So publishers are turning away from models that emphasize economies of abundance, and toward ones that impose economies of scarcity: apps. Paywalls. Subscriptions. Et cetera. By strategically isolating their content from the pulsing, prodding world of the open web, outlets are attempting to reclaim analog artifacts of containment for a digital world whose every impulse is expansion.
Whether that will work as a business model remains to be seen. But it leads, it’s worth noting, to a basic problem: Increasingly, the motivations of writers and the motivations of the businesses they work for are at odds with each other. Journalists, enabled by the web, are increasingly defining success according to exposure, and news organizations are increasingly defining success according to the limitation of exposure. That’s a huge generalization, sure, but one that will become increasingly valid, I think, in an ecosystem that imposes a tension between walled gardens and open fields.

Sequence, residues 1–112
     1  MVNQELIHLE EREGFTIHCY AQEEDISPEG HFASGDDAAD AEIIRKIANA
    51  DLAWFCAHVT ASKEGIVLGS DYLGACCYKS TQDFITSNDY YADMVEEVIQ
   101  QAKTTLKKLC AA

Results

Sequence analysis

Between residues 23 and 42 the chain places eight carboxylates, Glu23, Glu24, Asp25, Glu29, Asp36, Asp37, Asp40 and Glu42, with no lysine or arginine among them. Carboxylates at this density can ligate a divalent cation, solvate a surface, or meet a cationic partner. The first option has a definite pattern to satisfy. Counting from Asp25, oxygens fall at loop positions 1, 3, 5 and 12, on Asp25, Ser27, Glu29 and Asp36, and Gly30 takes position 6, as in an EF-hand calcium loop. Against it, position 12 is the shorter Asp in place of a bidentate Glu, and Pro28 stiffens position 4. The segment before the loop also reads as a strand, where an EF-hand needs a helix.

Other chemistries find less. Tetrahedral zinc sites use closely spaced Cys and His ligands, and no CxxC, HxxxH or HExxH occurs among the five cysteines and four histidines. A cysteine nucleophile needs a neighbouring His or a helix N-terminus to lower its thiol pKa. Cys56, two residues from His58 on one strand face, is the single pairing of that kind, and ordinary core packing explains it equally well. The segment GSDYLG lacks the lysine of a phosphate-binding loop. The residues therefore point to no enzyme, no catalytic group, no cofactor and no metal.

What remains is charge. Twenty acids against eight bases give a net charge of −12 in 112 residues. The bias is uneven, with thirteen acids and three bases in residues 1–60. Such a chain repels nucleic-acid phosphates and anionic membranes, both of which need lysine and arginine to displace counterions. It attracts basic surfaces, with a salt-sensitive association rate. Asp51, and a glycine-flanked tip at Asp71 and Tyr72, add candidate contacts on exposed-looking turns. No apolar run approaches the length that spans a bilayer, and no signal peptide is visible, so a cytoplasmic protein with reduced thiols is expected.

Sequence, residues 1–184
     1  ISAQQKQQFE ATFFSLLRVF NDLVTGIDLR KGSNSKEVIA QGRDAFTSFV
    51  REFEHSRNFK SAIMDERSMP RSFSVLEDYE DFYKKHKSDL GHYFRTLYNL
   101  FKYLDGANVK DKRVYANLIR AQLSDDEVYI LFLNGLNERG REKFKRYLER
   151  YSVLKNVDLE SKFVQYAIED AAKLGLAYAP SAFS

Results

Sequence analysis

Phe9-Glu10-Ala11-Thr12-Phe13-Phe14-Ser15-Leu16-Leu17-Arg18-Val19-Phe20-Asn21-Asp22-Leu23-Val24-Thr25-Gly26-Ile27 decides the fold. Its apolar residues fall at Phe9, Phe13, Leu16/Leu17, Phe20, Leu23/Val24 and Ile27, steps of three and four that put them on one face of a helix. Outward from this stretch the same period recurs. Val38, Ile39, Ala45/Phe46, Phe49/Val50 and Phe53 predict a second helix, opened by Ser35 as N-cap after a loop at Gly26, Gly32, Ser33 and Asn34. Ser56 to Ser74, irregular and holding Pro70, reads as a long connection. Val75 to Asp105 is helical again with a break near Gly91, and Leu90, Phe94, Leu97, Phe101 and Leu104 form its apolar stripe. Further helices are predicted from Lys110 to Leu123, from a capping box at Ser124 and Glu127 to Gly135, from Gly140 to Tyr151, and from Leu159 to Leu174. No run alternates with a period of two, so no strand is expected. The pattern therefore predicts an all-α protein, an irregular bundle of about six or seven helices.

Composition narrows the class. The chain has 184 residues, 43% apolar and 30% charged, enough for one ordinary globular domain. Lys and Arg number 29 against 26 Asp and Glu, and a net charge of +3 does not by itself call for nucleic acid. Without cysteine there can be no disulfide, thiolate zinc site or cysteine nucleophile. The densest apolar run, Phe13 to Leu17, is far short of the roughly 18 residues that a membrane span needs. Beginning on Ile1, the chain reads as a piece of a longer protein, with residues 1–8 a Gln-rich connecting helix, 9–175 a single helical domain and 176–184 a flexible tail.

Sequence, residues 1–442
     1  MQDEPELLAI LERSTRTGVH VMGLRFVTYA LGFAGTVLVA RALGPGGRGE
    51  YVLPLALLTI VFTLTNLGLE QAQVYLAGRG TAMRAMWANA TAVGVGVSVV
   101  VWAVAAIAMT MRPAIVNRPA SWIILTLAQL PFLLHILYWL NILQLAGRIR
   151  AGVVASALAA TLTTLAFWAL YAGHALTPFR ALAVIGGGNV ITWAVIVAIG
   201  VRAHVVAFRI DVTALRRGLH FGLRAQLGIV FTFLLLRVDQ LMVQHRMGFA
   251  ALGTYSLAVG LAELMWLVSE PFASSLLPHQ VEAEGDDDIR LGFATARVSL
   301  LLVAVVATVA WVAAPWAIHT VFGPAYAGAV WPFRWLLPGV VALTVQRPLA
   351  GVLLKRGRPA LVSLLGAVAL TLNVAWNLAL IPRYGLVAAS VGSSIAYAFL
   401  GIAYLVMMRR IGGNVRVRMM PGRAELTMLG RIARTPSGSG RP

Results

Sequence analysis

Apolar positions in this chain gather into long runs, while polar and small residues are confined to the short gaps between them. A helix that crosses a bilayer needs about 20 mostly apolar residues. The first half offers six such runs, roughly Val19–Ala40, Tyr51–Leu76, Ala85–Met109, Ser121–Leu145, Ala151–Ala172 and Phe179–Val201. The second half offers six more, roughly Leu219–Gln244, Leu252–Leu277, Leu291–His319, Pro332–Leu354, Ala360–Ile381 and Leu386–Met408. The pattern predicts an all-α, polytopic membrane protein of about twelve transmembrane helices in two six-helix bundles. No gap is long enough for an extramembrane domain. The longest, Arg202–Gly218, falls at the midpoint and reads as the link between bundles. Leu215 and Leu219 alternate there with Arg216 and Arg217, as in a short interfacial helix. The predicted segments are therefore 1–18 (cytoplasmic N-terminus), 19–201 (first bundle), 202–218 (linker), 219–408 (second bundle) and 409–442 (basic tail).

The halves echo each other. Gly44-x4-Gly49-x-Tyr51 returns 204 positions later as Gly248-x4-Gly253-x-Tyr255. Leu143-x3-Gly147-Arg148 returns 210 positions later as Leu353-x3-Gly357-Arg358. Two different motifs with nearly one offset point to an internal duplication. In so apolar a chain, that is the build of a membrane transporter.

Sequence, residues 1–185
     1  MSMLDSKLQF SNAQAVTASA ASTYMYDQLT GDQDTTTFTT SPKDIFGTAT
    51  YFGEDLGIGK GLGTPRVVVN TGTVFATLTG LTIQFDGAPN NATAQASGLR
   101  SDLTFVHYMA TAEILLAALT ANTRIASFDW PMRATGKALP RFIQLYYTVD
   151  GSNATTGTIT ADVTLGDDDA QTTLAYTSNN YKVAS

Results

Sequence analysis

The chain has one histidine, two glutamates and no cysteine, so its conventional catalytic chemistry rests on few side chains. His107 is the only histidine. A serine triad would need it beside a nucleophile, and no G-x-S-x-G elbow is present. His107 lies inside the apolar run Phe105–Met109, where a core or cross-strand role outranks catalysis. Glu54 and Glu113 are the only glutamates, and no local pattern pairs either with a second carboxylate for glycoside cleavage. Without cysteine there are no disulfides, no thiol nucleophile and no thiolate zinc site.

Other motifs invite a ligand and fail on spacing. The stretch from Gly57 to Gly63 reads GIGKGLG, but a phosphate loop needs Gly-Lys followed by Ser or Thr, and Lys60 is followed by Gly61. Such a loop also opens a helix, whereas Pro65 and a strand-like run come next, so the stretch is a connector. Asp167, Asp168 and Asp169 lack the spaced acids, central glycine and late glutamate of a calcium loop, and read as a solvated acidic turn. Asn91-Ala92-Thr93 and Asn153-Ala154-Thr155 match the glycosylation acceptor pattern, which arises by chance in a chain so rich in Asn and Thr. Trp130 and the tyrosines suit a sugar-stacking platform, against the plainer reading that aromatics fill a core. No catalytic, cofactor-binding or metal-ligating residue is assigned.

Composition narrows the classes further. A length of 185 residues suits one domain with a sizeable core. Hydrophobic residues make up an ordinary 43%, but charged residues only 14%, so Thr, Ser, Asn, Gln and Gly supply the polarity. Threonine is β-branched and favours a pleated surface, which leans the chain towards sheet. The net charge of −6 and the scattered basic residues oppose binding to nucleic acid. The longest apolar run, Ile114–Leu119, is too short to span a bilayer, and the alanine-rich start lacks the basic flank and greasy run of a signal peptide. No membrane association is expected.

via Nieman Journalism Lab – Baseless speculation! Frank Rich and the price of paywalls for writers. Good point to recognize this difference, but the point must still be made that both need to be paid, and half to find a system that enables writers and publishers to make money off the content.